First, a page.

Friday, March 29, 2013
Posted By: Nomonanoto Sidama | At: 3/29/2013 05:05:00 AM
Posted By: Nomonanoto Sidama | At: 3/29/2013 04:50:00 AM
ዛሬ መጋቢት 19/2005 ዓ.ም ከተካሄዱት የፕሪሚየር ሊግ ጨዋታዎች ሀዋሳ ከነማ ሀረር ቢራን 1 ለ 0፣ መብራት ሀይል ደደቢትን 2 ለ 1 አሸንፈዋል፡፡
ለሀዋሳ ከነማ የማሸነፊያዋን ጎል ያስቆጠረው አንዷለም ንጉሴ/አቤጋ/ከእረፍት መልስ ነው፡፡
አዲስ አበባ ላይ ደደቢት እና መብራት ሀይል ባካሄዱት ጨዋታ ደደቢት በጌታነህ ከበደ አማካኝነት ባስቆጠራት ግብ ቢመራም፤ በረከት እና ሳሚዔል ባስቆጠሯቸው ጎሎች መብራት ሀይል አሸንፏል፡፡
የቅዱስ ጊዮርጊስና የኢትዮጵያ ንግድ ባንክ ጨዋታ በቅዱስ ጊዮርጊስ 2 ለ 0 አሸናፊነት ተጠናቋል፡፡
ለቅዱስ ጊዮርጊስ ፍፁም ገ/ማሪያምና ያሬድ ዝናቡ የማሸነፊያ ግቦቹን አስቆጥረዋል፡፡
አዳማ ላይ አዳማ ከነማ ከመከላከያ ያደረጉት ጨዋታ በአወዛጋቢ ክስተት ተቋርጧል፡፡
የአዳማውን ጨዋታ የመሩት ዳኛ በአንድ ክስተት 3 የተለያዩ ውሳኔዎችን ማስተላለፋቸው ለጨወታው መቋረጥ ምክንያት ሆኗል፡፡
ፕሪሚየር ሊጉን ሀዋሳ ከነማ በ25 ነጥብ፣ ደደቢት በ24፣ቅዱስ ጊዮርጊስ በ23፣ ኢትዮጵያ ቡና በ22 ነጥብ ከአንደኛ እስከ አራተኛ ደረጃ ይዘዋል፡፡
Posted By: Nomonanoto Sidama | At: 3/29/2013 04:38:00 AM
The national policy buzz has suddenly shifted to Bahir Dar – the ever-growing capital of the Amhara Regional State, overseen by the rather popular EPRDFite, Ayalew Gobeze. It is not the rapid growth of the city, which is surrounded by major water bodies, such as Lake Tana and the Blue Nile River, that has led to the shift. Rather, it is the congregation of the ruling EPRDFites for their ninth convention.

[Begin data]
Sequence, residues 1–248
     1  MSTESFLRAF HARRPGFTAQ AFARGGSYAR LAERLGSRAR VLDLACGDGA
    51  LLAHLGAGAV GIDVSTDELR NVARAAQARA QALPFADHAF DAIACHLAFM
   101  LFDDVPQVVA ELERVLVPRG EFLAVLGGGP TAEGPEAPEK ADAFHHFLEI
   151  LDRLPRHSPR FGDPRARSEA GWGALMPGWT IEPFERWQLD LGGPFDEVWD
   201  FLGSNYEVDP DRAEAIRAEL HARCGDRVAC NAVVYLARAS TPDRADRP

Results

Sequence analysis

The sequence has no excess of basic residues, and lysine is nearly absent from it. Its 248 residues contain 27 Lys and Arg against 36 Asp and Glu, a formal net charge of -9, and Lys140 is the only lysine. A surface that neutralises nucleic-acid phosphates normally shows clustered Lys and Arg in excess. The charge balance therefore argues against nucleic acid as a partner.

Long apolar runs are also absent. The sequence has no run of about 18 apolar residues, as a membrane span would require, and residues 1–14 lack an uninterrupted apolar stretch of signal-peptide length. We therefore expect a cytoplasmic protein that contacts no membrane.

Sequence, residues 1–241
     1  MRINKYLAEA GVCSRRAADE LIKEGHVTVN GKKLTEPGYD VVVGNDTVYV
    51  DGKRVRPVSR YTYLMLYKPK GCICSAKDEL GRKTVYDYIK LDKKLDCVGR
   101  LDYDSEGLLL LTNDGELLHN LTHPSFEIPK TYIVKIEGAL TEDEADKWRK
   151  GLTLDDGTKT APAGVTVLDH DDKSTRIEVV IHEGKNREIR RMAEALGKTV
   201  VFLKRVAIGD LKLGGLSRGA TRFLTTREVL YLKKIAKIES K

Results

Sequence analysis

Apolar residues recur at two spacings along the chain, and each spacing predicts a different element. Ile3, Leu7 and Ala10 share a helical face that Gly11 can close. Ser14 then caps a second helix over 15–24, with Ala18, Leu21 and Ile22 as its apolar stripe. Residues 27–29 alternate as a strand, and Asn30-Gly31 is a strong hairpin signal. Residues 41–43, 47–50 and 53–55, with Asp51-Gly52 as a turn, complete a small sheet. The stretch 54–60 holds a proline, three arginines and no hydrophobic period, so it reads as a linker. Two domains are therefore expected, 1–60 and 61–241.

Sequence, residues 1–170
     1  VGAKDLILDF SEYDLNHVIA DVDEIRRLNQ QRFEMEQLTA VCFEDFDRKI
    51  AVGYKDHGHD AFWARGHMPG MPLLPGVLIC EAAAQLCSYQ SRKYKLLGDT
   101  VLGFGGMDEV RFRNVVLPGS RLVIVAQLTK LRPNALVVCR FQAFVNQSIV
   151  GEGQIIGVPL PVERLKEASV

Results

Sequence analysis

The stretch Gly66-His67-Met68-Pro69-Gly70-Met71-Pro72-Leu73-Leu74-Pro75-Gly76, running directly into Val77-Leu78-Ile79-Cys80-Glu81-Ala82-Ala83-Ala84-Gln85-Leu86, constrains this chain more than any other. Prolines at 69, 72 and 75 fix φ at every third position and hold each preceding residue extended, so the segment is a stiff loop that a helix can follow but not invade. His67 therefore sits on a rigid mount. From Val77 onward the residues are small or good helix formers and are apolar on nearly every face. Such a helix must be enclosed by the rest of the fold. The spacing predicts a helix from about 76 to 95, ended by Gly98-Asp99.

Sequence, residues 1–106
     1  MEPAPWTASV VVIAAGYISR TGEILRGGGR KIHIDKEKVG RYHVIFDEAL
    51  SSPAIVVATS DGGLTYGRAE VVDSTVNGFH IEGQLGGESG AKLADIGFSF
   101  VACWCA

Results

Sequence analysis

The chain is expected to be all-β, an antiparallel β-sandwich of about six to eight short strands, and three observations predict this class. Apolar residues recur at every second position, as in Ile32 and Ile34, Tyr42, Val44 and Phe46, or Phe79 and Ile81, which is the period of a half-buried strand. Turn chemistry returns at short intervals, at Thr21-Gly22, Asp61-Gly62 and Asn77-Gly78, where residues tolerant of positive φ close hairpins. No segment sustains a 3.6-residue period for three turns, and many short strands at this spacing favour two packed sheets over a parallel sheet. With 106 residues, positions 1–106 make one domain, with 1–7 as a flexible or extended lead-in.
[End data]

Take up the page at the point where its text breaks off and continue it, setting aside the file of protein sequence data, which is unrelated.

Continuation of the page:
Preceded by the eventful assemblies of the four member organisations of the ruling coalition, the general assembly, being held in the historical city, is envisioned to bring the top leadership of the ruling party together, in order to craft the road ahead. Of course, one important personality is missed from this whole scene – the late Meles Zenawi.
If the EPRDFites could name one person that has transformed their resilience significantly, it could be no one other than the late Prime Minister. The transformation that the ruling party has undergone under Meles’ watch was so monumental that its impacts have gone far beyond the Party. With the ruling party having been in power for over 21 years now, its organisational transformation is tightly aligned with the progress and backwards steps that the nation has gone through.
Meles’ shadow was indeed bigger than the Party’s. It extended to the continental and global scene, in which the Party has no face. His role was largely strategic, including articulating the stances of the Party on different global and local issues. The past eight assemblies of the Party benefited a lot from his intellect, articulation and leadership.